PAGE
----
Books, Reviews

Book Review: Year of No Sugar

yearofnosugar

Find it on Amazon: Year of No Sugar, by Eve O. Schaub

Book description: With her eyes opened by the work of obesity expert Dr. Robert Lustig and others, Eve challenged her husband and two school-age daughters to join her on a quest to eat no added sugar for an entire year. Along the way, Eve uncovered the real costs of our sugar-heavy American diet—including diabetes, obesity, and increased incidences of health problems such as heart disease and cancer.

This book was okay, but I found myself disappointed with most of the author’s methods. She gave herself a LOT of exceptions.

It wasn’t a year without sugar, it was a year without fructose (dextrose, apparently, was allowed). It was a year where each family member got to choose one thing they could still consume anytime they wanted (wine for her, diet soda for her husband, jam for her daughters). They also had one monthly dessert they shared as a family.

Her kids, although they ate what their parents did at home, were exempt from the no-sugar rule if they were at school, or at birthday parties, where they might otherwise feel left out not eating what all the other kids their age were eating.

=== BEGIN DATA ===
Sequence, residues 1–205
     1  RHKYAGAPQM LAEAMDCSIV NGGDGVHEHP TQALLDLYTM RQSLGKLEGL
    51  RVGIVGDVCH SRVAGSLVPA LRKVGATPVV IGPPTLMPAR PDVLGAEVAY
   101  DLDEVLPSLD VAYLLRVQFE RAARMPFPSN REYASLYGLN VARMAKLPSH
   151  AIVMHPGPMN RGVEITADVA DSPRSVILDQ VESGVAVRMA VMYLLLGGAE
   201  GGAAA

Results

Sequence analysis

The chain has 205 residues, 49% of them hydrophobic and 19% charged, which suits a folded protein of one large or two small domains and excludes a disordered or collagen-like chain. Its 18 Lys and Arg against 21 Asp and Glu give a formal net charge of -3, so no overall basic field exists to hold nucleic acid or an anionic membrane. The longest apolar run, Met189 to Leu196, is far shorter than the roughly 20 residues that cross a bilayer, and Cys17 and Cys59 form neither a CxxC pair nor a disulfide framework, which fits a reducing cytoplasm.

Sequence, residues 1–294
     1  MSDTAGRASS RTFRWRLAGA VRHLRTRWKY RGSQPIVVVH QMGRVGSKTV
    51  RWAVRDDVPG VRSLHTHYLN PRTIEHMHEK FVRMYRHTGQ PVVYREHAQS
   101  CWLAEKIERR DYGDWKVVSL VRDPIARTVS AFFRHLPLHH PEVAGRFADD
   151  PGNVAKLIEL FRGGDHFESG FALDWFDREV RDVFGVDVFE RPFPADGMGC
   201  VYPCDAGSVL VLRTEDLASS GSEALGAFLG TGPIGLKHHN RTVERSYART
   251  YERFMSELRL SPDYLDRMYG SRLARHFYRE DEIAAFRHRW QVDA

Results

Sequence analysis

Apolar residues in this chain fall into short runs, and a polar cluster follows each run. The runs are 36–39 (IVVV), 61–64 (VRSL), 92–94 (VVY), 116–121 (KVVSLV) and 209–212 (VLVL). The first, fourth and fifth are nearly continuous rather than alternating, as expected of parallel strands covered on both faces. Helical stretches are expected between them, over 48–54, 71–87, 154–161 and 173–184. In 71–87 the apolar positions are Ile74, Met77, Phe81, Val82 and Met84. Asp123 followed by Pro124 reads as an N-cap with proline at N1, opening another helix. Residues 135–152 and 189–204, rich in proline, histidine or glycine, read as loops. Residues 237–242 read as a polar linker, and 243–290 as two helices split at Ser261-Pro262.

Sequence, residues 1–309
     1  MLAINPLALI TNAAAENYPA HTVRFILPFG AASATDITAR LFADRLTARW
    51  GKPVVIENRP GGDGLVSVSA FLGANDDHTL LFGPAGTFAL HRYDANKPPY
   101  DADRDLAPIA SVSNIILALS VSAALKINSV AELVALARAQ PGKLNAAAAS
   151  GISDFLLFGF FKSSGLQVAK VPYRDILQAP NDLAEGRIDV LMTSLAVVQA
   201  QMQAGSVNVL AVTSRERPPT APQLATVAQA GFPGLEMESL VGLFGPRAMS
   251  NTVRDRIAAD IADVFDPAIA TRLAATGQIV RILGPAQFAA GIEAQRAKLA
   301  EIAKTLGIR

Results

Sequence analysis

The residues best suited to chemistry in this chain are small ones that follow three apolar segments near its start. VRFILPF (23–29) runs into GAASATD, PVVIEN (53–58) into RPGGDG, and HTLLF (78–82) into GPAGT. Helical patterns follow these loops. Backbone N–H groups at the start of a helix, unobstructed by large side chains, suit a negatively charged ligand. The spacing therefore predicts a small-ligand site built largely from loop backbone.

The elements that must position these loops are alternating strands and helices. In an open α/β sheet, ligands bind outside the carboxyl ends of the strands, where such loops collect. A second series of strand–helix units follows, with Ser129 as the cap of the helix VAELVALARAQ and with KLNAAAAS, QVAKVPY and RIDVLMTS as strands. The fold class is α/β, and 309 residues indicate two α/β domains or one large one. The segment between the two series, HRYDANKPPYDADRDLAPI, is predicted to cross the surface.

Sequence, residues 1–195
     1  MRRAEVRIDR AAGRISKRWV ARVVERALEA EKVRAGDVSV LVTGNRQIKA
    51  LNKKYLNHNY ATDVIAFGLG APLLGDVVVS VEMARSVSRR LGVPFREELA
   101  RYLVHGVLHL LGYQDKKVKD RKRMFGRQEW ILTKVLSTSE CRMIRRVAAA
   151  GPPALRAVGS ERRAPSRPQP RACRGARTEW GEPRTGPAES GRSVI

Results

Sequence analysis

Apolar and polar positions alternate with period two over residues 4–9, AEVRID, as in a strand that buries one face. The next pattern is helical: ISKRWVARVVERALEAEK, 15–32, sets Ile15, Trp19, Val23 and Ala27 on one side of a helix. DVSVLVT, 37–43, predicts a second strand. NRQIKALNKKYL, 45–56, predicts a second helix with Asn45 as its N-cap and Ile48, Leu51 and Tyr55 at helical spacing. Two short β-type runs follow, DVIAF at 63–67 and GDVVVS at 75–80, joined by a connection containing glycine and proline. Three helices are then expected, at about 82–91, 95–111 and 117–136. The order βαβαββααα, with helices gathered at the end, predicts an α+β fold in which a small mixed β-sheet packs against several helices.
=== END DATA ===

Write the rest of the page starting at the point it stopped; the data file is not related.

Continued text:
Personally, I agree with Whole9: “Sugar is sugar is sugar, regardless of the form it may take or the claims it might make.” I’ve completed the Whole30 twice (recap from 2012 is posted here), which doesn’t allow sugar in any form. No exceptions. Doing a Whole30 is difficult. Eating cookies sweetened with dextrose and fruit is not difficult. [Edited to add: I’ve now completed a third Whole30.]

The author and her family did learn a lot: how sugar is added to pretty much everything, including many things you wouldn’t expect; strategies for questioning the ingredients of your meals in restaurants; how to navigate food events and sugar-filled holidays; discovering that your taste buds change after a while and those “monthly” desserts actually start to taste too sweet. (I put “monthly” in quotation marks because obviously they were consuming sugar more than once a month.)

This family consciously made an effort to avoid excess sugar – even if they didn’t avoid all of it – and I commend them. I’m sure Eve and her family ate a lot less sugar that year than they would have otherwise.

Still, I found myself underwhelmed with this book. If you’re going to commit to something, and write about it, and call your book Year of No Sugar, then, well…do it right.

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